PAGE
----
It took the king a while but he finally realized that under no circumstances would I leave my beggar's side. I looked at him, and he returned my gaze. "Men!, Take the beggar. We will put him in a glass coffin in the castle where this dog will be able to visit him whenever she likes."
The men walked forward to take my beggar and this time I let them. The king walked to me and picked me up. "You are a fine beast," he said. "I must name you. How about... Scout?" I shook my head and growled. I was a female! realizing my displeasure at the awful name, the king asked some more names. "Curtis... Klarinda... Palt?" I growled for all of them. "Okay..." murmured the King. One of the men, this one as thin as a pole walked up to the king.
"Please your Majesty, such a beautiful dog deserves the name of a goddess or something." He said.
And that is how I became known as Pallas Athene.
The ride to the castle was long and boring and I discovered my displeasure of horses. Though I admit that I did not smell like a rose myself, these creatures stunk awfully, and it stung my delicate nose. When they walked they made me jump up and fall down again and again.
Flies and ticks surrounded them, and though it did not bother the king nor his men, it bothered me. My beggar rode in the arms of two disgusted men, with his head lolling to one side and flies surrounding him.
After many hours we finally reached the castle. Oh, it was magnificent! The towers were so high up that I could not see their ending. Different colored windows made the palace shine like a rainbow. The stone of the walls was polished to perfection, and the water of the moat was clearer than I had ever seen.
The water of the moat was crystal clear, which allowed me to see the ominous crocodiles swimming in it. A tall, handsome boy dressed in a midnight black suit and with a long, sharp sword on his side bounded over to us.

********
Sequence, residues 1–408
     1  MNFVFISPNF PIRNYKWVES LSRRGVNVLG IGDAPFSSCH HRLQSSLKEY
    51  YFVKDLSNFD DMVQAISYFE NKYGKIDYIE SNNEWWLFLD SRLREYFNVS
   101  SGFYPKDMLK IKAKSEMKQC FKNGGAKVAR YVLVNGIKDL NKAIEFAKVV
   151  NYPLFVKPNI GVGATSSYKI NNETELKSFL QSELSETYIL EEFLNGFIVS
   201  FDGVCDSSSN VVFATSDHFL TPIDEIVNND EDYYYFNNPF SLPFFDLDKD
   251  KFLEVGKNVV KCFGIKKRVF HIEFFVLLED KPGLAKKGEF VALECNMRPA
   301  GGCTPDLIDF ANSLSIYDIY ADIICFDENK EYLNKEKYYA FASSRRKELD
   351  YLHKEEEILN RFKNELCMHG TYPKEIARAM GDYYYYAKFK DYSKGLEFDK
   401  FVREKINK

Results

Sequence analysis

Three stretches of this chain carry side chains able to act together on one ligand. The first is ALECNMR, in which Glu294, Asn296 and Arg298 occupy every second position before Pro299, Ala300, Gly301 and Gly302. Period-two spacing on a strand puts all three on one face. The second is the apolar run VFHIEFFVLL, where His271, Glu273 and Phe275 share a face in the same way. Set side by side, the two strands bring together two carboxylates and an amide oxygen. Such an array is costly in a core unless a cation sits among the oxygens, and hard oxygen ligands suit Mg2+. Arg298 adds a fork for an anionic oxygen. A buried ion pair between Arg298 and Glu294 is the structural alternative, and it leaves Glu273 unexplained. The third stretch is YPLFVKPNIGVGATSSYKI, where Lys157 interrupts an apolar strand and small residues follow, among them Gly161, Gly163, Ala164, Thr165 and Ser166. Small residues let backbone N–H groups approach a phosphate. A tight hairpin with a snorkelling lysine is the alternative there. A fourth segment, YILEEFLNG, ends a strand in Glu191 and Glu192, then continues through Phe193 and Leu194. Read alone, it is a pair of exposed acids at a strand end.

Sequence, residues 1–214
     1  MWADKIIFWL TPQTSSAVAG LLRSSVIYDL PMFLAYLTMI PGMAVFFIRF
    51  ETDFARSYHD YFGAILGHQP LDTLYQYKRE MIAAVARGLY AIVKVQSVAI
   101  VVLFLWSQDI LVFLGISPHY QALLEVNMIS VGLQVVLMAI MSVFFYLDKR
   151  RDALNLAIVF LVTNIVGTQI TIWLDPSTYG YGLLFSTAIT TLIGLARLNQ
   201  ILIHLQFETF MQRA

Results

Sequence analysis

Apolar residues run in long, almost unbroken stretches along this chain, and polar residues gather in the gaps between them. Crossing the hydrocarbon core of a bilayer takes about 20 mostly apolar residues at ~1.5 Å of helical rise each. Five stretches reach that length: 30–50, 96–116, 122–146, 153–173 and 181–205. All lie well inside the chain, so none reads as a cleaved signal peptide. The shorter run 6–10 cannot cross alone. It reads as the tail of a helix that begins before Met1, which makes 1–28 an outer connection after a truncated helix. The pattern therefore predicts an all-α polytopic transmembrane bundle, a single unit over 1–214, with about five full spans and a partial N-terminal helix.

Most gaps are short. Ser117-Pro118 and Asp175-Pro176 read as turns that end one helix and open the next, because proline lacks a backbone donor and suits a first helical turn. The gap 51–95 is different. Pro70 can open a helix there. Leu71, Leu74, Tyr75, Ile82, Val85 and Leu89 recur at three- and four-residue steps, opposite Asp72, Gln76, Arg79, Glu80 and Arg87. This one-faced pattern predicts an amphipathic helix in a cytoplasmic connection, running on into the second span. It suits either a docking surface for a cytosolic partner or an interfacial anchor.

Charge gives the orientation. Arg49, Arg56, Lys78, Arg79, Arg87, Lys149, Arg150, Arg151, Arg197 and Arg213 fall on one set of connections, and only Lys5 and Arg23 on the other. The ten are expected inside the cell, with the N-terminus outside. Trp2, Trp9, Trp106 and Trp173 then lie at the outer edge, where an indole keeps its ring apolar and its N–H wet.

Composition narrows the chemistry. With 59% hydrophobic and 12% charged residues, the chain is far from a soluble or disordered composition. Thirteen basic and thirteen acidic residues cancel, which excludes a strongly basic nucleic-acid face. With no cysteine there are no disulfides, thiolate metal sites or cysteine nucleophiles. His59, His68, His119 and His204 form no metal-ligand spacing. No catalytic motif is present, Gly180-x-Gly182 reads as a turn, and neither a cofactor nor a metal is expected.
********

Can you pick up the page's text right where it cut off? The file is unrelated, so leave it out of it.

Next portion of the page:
"Halt." he cried. "Who goes there?"
"Peace, Peter." said the King. "It is I, his Majesty, King Marble."
The boy, Peter, fell to his knees and put his forehead on the ground. "Oh, please, your Majesty. My mistake!"
King Marble raised his eyes to the skies, then said, "Peter, put down the moat's bridge and perhaps I shall forgive you. But be warned: He who mistakes his king for a common peasant twice will be thrown to the dungeons." Peter nodded and ran off to put down the bridge.
Three minutes later, with a long, high CRREEAK, the moat bridge slowly descended. "Come now, men!' yelled the king, and we slowly rode over the moat and into the castle. Then a you girl rushed to me. She had hair the same color as my fur and was dressed in rags. I knew that I would love her. But the king did not really seem to care. "Take Pallas Athene to her room," he said.
The girl nodded, dropped to her knees and touched her forehead to the floor, then stood up, gathered me into her arms, and ran off. I didn't get to see much of the castle, since the girl was going so fast, but I did notice there were lots of display cases containing swords, crowns, rings, and strangest of all, a human skull wearing a diamond crown. Here is where the girl stopped. She pushed her hand agianst the glass of the display case, and a heavy wooden door to our right creaked open.
"This is the King's room." said the girl. "You will stay here until we have built a proper house for you." She bent down.